Dr. Edward J. (Ted) Fisher (1913–2003) was the second Dean at the former College of Optometry of Ontario (1948 to 1967).
During his years at the College of Optometry of Ontario, Dr. Fisher worked with dedication and to good effect in both administrative and academic areas. Involved in optometric education since 1937, he taught the majority of older practitioners in Canada. He was intimately associated with nearly all of the advances made in optometric education in Canada. During his deanship, enrolment at the College of Optometry of Ontario expanded greatly, especially in the immediate post-World War II years; the building location was changed, physical facilities were much enlarged and improved; the course was lengthened from three to four years; and the first Doctor of Optometry degrees were granted.
He played a central role in the events which led to the integration of the former College of Optometry of Ontario with the University of Waterloo, where it now continues as the School of Optometry, within the University of Waterloo Faculty of Science. His appointment on July 1st, 1967 as the Director of the new School of Optometry at the University of Waterloo saw no abatement in the energy and dedication which he devoted to the interests of national and international Optometry, and Optometric education specifically. Dr. Fisher played an important role in the planning and construction of the University of Waterloo Optometry building, which opened in 1974. He stepped down as Director in 1975.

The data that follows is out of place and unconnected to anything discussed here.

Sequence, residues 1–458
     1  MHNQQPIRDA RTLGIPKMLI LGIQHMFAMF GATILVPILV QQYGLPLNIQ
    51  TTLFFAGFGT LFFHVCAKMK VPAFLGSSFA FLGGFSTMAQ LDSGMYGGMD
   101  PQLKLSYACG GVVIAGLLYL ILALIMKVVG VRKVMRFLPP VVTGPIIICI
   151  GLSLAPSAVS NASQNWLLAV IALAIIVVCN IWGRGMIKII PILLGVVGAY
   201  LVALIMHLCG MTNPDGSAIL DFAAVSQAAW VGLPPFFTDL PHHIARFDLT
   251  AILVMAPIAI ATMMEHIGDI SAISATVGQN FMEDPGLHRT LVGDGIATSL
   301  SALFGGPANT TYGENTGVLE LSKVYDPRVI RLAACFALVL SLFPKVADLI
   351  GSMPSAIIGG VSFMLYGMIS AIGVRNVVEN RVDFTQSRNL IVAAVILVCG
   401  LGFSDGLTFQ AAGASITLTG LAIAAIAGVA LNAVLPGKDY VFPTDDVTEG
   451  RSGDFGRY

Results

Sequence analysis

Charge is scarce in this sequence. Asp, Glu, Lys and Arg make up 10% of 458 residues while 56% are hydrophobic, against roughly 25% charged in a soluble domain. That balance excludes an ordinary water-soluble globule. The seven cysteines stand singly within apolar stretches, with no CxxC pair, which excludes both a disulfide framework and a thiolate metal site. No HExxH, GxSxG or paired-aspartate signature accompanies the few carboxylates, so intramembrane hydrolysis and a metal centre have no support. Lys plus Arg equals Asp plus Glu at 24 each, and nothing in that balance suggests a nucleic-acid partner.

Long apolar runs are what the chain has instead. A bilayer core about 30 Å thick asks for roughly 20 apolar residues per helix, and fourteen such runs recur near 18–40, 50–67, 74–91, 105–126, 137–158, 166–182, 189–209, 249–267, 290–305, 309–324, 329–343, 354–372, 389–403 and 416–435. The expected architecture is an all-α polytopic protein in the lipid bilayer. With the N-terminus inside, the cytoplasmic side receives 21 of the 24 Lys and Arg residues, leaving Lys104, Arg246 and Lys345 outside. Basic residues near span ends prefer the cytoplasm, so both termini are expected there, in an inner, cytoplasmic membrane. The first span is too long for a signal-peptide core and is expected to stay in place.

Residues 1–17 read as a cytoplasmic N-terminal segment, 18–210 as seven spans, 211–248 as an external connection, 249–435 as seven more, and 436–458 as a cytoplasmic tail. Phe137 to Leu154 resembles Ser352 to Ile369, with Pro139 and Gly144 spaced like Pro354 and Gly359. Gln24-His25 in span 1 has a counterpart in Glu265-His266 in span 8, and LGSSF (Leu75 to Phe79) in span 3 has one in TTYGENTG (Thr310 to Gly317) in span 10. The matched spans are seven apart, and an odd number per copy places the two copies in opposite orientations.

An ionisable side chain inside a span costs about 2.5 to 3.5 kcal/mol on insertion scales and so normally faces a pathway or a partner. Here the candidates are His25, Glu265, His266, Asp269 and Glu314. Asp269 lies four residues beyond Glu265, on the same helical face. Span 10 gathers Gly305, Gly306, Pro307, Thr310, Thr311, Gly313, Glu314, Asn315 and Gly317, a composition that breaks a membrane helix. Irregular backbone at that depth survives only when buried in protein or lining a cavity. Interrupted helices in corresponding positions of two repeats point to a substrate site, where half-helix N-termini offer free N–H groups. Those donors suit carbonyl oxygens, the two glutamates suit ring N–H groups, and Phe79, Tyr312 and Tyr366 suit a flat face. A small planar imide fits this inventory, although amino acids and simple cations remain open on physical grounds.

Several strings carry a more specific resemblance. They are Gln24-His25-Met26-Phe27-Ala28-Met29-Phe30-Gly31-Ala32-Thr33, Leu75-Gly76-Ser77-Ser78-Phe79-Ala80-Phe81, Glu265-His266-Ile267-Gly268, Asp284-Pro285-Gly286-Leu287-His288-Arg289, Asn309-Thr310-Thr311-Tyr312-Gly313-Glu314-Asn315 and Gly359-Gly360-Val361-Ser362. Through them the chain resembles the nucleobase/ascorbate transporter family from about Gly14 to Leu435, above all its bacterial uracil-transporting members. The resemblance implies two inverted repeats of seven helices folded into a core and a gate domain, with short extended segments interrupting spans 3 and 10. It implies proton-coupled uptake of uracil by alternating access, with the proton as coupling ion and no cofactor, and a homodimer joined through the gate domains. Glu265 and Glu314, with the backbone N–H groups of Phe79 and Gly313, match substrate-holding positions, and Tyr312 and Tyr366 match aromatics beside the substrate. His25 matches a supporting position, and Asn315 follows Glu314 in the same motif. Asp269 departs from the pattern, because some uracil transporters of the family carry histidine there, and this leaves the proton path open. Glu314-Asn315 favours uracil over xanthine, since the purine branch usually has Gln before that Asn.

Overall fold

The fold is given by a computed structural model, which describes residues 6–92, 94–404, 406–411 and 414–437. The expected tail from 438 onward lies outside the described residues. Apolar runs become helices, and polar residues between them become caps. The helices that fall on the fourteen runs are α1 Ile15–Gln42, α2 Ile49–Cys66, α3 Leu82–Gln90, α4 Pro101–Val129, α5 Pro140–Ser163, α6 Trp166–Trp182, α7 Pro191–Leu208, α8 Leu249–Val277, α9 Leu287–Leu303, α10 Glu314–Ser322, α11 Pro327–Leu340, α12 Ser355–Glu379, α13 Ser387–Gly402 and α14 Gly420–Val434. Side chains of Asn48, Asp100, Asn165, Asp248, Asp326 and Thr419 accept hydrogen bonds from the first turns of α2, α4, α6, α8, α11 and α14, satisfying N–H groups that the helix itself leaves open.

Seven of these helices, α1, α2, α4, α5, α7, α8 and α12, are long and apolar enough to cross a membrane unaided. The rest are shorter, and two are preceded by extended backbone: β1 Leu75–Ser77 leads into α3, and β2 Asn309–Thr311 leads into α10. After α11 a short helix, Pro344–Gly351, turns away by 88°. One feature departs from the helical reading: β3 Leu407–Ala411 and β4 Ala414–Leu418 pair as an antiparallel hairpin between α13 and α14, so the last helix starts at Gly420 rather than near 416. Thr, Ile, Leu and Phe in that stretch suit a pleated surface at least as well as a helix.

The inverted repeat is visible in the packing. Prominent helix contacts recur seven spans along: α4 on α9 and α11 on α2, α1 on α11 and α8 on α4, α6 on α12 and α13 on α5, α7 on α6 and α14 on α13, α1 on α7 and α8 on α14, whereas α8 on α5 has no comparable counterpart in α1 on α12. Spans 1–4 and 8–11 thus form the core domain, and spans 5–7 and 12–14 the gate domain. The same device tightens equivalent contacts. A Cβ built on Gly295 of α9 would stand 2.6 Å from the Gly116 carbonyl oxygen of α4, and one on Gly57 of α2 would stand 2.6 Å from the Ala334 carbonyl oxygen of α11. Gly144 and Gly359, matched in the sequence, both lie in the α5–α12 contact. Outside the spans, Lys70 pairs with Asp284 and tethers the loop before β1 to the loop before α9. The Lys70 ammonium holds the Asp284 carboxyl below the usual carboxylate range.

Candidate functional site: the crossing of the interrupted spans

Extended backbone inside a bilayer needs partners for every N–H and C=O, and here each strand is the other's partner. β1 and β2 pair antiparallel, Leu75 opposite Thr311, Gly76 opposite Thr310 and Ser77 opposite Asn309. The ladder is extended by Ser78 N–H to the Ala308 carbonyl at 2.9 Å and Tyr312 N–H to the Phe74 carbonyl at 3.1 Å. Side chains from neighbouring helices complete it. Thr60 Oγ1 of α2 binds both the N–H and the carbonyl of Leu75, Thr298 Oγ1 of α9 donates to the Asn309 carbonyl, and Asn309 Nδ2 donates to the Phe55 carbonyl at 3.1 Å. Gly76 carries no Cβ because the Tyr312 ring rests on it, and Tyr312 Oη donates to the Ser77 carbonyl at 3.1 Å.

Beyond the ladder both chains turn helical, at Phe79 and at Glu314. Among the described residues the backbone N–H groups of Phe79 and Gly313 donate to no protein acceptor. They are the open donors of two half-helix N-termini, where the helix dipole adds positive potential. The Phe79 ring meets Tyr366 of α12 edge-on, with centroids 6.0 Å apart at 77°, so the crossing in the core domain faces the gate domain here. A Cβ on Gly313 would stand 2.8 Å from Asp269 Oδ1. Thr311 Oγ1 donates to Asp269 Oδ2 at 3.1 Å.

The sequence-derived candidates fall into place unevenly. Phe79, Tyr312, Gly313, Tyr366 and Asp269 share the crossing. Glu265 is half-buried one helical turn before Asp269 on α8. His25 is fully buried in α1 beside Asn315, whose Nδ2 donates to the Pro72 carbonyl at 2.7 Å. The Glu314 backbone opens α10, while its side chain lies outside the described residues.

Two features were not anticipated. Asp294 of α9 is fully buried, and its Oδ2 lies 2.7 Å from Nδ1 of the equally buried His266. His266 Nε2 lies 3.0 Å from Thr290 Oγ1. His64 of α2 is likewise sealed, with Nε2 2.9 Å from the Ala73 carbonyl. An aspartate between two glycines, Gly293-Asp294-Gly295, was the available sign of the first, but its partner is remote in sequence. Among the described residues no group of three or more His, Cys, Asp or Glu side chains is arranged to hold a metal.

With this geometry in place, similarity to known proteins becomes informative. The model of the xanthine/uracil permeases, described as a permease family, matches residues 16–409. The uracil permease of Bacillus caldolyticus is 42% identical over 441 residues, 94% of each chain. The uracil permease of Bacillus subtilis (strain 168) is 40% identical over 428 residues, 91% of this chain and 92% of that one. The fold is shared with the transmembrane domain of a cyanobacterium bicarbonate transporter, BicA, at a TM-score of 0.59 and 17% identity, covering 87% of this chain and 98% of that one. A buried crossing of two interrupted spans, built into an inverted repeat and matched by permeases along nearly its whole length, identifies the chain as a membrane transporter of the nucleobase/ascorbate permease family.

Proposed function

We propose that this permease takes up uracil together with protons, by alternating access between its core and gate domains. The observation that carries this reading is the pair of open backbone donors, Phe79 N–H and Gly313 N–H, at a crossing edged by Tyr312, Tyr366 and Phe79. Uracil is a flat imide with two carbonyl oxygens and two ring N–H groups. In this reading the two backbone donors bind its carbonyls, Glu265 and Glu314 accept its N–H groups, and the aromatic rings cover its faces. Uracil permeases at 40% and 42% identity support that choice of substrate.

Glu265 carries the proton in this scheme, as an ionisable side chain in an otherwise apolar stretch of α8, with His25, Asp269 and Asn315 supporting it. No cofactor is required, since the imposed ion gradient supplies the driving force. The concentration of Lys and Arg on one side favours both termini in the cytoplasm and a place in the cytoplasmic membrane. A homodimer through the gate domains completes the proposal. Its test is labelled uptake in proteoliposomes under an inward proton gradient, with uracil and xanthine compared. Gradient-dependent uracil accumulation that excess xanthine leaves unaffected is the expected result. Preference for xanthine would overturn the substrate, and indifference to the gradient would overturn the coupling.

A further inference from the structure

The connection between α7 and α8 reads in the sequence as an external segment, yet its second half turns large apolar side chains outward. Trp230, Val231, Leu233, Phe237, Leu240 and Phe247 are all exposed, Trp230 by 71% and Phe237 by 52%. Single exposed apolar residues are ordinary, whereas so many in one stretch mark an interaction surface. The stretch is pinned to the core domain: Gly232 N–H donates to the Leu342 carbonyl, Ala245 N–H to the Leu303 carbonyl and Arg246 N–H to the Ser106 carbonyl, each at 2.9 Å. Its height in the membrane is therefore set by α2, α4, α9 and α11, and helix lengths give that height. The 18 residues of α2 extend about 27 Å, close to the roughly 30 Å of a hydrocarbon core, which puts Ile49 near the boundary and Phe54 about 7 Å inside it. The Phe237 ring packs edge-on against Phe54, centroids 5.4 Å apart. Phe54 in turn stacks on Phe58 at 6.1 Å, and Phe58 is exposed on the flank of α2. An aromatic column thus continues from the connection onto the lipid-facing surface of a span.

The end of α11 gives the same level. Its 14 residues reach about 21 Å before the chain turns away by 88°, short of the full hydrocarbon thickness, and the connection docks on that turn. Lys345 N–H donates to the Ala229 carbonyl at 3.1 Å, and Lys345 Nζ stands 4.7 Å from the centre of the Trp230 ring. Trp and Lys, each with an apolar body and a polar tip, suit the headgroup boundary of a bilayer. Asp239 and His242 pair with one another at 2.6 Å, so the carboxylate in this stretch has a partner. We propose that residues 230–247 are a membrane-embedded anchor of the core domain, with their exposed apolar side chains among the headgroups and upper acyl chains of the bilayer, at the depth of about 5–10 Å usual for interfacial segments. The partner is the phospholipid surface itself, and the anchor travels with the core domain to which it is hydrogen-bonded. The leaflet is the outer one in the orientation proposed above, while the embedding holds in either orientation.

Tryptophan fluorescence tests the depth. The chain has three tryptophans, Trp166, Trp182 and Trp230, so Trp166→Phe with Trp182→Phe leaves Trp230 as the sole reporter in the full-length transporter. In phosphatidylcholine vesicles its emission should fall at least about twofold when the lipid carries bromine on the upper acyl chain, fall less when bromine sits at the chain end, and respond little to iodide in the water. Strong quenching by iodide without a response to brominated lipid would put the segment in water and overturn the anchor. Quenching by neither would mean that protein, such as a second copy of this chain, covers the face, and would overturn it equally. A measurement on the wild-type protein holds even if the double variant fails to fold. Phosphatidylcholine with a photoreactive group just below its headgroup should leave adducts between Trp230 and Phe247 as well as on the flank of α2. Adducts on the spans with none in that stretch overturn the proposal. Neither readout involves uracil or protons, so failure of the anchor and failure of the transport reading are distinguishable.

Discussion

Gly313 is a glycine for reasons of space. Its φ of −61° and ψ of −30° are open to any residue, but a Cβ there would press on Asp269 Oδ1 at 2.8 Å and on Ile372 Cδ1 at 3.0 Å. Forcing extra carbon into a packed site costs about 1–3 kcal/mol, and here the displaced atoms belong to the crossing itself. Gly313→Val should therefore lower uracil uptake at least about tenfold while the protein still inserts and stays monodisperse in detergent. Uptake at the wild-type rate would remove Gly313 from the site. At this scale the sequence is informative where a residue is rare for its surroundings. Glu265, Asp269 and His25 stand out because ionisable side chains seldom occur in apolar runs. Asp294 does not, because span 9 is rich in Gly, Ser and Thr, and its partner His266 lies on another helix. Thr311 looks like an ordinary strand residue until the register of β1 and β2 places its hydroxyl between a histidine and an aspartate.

Dr. Fisher was one of the pioneers in Canadian contact lens practice, both as a wearer and as a consultant, and as a result of his interest, experience, and knowledge in this field became one of the leading contact lens experts in Canada and the world, participating in numerous congresses and seminars, national and international. His articles on clinical optometry, contact lenses, and optometric education have appeared throughout the ophthalmic literature.
Dr. Edward J. Fisher made signal contributions to eye care on a global scale. In concert with the Canadian International Development Agency, Dr. Fisher organized eyecare visits by teams of optometric interns and supervisors to numerous countries in the Caribbean, particularly the Turks and Caicos Islands and Dominica. He was a frequent speaker and instructor in the continuing education programs sponsored by almost every Canadian province, many American states, and at International Congresses held in England, Ireland, and Greece. For ten years, he spent two months of the year in Benin, Nigeria, assisting in the establishment and development of a School of Optometry there.
Dr. Fisher served from 1968 to 1970 as president of the American Academy of Optometry, the first Canadian to do so. This organization is dedicated to promoting excellence in standards of optometric practice and encouraging the pursuit of research in optometry and related sciences.
From his earliest days in the profession, Dr. Fisher was involved in optometric history, and he was the founding curator of the Museum of Visual Science. He was an active member of several international bodies which are interested in ophthalmic history, including the Optometric Historical Society and the Ocular Heritage Society (both based in the US), as well as several similar groups in the United Kingdom. Dr. Fisher was involved in writing a history of Optometry in Canada.